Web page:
Biomethanation: A Unique and Sustainable Approach to Renewable Natural Gas
Recorded: June 28, 2018, 1:00 PM - 2:00 PM
Research looks at process to use solar or wind energy to provide food for microorganisms to turn into storable renewable electricity
The Department of Energy’s National Renewable Energy Laboratory (NREL) is working on a “Power to Gas” (P2G) experiment to make a renewable form of natural gas, using solar/wind energy, water, carbon dioxide (CO2), and tiny microbes called archaea.
As one of the largest natural gas distributors in the US with over 21 million customers in a state that encourages low-carbon fuels and where there is more available solar and wind power than can be sold, Southern California Gas Co (SoCalGas) heard of Electrochaea’s work and was intrigued. They reached out to the Department of Energy’s NREL to work on a pilot project here in the US.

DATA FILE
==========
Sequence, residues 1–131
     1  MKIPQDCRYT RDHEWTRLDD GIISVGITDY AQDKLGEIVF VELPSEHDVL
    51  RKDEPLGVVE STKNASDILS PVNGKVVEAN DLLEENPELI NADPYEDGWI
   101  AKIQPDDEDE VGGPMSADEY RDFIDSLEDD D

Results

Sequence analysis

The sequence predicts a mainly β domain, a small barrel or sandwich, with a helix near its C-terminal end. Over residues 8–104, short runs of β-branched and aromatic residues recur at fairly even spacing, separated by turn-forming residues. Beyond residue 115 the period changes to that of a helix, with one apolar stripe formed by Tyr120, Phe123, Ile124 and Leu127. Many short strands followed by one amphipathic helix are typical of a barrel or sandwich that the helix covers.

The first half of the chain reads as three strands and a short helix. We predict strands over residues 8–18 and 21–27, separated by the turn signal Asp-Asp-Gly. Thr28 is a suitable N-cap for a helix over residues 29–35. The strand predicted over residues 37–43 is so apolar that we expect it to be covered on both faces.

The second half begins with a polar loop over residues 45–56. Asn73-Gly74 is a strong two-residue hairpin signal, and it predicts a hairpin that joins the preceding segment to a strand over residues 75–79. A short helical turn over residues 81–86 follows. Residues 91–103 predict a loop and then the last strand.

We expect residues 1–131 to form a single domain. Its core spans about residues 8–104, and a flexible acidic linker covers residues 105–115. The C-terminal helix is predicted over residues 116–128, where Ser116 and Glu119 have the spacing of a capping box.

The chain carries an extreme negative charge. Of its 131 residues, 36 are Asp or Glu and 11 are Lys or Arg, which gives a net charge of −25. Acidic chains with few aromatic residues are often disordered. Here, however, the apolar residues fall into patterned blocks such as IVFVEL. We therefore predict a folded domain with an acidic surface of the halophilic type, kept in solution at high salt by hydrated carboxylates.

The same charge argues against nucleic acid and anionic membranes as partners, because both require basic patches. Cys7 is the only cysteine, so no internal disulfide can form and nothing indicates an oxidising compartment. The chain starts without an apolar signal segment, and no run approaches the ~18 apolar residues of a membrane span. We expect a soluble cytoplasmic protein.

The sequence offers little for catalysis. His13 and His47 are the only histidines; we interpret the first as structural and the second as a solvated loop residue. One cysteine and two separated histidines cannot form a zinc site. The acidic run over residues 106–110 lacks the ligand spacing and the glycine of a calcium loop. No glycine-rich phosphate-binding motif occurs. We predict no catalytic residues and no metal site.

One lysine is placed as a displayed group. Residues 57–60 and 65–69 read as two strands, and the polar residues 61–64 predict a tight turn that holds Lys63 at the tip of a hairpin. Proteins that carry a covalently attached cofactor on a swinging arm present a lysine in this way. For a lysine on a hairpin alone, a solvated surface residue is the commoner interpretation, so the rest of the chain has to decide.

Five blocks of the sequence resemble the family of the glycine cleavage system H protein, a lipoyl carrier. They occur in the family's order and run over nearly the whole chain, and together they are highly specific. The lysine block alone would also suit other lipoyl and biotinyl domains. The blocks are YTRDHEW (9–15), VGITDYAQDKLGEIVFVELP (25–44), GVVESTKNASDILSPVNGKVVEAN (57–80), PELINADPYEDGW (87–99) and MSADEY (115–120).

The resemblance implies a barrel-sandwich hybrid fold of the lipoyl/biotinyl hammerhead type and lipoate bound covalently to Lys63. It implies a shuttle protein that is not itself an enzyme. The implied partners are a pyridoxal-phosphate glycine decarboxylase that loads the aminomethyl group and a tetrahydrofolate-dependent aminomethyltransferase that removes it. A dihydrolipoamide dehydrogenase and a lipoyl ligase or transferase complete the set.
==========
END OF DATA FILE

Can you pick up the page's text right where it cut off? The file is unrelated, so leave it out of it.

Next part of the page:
For the project, NREL designed, built and operate a 250-kilowatt electrolyzer system that uses solar and wind power to split water into hydrogen and oxygen. The hydrogen and carbon dioxide are move into NREL’s 25-foot tall pilot bioreactor under pressure, where it is fed to the archaea to produce methane. Methane, the primary ingredient of natural gas, can be stored in the already existing natural gas pipeline systems for later conversion into electricity as needed.
"This is a viable, albeit two-step, approach for energy storage for renewables," said Kevin Harrison, NREL's principal investigator on the project. He and Nancy Dowe, a fermentation microbiologist at NREL, spent time with Electrochaea researchers in Copgenhagen and Munich prior to the project.
"It's a really interesting project for me," Dowe said. "I really like the biology element because the biocatalysts are completely renewable. You can keep these cultures going as long as you're supplying them CO2, hydrogen, and whatever nutrients they need. It's a self-replicating catalyst, and it's exciting to use biology as an energy storage solution."
Michael Jacobson, Ph.D.
Bryan Swistock, James Andrew Clark